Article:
In 2009, the National Academy of Sciences issued a report, concluding there was no basis in science for forensic odontologists to conclude someone is “the biter,” excluding all other suspects.
Four years later, the American Board of Forensic Odontology changed its guidelines to bar such testimony.
A recent study by the group found wide variances in opinions among experts studying photographs of bite marks, many of them disagreeing on patterns and even if they were human bite marks.
An Associated Press analysis in 2013 found at least two dozen defendants convicted or charged with rape and murder using bite-mark evidence have been exonerated since 2000 — many after spending more than a decade in prison.
West has told The Clarion-Ledger the science behind bite marks “is not as exact as I had hoped.”
On Feb. 2, 1992, fire fighters responded to a fire, and when they did, they found Kemp dead and partly undressed in her Columbus home.
She had been beaten, stabbed to death and the trauma suggested she had been sexually assaulted. A rape kit found no semen.
Six days later, authorities charged Howard, a sex offender just released from prison, with the crime.
After sitting in jail a week, Howard, described in documents as having mental issues, wrote a note to a deputy, wanting to be taken to the crime scene, saying it “might bring back some memories to him” and that “the case was solved.”
But when Howard was taken there, he told the officer that it “did not bring back any memories.” Howard again repeated that “the case was solved” and that “five or six other individuals” had been involved and to “keep investigating the case.”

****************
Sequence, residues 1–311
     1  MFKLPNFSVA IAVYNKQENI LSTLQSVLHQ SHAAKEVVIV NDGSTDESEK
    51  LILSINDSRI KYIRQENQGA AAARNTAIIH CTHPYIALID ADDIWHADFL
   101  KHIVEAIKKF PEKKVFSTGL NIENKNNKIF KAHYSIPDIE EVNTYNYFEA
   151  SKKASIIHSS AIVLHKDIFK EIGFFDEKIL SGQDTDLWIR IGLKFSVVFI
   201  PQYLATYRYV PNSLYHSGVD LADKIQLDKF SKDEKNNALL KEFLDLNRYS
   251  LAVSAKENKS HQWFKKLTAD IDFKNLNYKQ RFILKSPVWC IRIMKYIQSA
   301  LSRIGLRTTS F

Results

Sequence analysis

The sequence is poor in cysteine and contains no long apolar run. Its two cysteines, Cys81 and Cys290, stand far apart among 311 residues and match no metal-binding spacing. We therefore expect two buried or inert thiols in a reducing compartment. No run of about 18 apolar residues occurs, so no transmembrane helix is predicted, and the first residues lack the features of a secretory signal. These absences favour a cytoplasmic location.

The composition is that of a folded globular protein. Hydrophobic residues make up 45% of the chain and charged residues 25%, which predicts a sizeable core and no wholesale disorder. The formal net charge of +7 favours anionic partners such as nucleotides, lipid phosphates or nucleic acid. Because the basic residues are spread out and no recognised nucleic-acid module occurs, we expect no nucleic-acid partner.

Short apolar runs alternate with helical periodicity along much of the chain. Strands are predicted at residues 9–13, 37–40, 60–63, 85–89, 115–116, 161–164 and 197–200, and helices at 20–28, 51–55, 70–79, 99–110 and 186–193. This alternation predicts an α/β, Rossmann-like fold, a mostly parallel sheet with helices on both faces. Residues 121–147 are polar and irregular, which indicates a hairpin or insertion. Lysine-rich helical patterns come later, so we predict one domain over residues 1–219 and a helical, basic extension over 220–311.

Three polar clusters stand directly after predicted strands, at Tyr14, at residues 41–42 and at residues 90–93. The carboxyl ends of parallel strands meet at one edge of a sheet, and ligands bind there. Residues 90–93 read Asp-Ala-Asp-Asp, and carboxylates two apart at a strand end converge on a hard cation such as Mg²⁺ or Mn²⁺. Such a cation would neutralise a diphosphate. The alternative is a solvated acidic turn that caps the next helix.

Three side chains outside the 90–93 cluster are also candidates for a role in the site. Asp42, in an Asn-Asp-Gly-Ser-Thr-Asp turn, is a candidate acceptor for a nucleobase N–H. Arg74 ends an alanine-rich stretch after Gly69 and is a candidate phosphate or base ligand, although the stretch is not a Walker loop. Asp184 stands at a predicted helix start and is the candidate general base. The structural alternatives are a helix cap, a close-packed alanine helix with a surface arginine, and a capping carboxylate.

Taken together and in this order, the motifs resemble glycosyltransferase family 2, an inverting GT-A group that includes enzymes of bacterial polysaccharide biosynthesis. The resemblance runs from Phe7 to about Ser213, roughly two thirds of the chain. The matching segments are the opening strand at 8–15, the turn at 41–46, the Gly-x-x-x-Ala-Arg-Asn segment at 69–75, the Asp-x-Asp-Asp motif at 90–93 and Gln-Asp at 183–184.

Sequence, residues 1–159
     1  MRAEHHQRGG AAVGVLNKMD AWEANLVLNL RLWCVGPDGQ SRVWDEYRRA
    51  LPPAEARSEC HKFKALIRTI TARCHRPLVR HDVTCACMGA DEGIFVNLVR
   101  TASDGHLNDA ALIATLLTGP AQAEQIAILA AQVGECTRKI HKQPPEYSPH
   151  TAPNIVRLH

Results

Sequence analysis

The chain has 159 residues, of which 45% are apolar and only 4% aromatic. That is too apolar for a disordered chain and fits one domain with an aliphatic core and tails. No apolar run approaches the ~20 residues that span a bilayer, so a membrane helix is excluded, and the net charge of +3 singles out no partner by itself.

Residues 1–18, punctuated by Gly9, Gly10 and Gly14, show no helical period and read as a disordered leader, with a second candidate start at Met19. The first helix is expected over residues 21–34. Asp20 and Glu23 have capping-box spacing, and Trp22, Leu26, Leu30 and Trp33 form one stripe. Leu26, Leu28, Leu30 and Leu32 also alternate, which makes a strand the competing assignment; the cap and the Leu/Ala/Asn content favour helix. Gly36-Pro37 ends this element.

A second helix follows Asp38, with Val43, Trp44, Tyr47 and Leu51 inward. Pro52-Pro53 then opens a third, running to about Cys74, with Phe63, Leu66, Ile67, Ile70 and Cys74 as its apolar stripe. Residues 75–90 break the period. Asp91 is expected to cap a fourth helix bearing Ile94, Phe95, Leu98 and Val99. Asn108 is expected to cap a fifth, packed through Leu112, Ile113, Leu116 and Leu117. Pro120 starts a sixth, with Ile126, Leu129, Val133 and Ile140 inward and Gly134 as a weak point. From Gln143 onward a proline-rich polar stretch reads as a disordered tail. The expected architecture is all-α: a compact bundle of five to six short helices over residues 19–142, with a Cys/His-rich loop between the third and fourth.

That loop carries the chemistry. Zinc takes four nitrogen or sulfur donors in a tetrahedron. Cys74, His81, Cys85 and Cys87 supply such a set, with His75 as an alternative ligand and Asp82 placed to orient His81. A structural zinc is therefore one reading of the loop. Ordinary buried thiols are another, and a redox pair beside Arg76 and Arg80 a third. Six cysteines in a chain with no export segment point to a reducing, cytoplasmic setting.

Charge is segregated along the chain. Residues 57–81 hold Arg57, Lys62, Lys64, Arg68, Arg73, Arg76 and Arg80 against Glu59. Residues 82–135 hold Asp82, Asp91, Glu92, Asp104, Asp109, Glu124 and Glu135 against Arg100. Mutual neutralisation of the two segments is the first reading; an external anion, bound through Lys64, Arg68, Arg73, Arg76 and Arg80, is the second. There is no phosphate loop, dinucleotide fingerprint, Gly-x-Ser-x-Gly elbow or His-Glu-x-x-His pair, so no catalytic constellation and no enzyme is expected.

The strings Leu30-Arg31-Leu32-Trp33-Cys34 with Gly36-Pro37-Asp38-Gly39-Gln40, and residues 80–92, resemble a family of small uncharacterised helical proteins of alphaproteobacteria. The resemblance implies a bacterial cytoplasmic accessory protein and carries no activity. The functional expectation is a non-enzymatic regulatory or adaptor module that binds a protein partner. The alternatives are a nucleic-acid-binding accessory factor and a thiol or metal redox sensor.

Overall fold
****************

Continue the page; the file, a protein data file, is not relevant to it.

An officer testified Howard asked if he thought he was crazy: “I said, ‘No man, I don’t think you’re crazy,’ and he said, ‘Well, I’m not. I’m not crazy. I had a temper, and that’s why this happened.’ ”
The officer testified he believed this was a confession.
After working with Howard, his court-appointed lawyers talked of their client’s paranoid behavior, one of them telling the judge, “I’m not sure he’s capable of assisting in his own defense much less carrying his own defense out … I do not feel that this defendant is in touch with reality.”
Despite that, the judge let Howard represent himself at trial, ending in his conviction and death sentence.
The trial proved such a disaster the state Supreme Court in 1994 ordered a new trial. Justices concluded Howard was incompetent to represent himself and that numerous articles had raised questions about the reliability of bite-mark identification.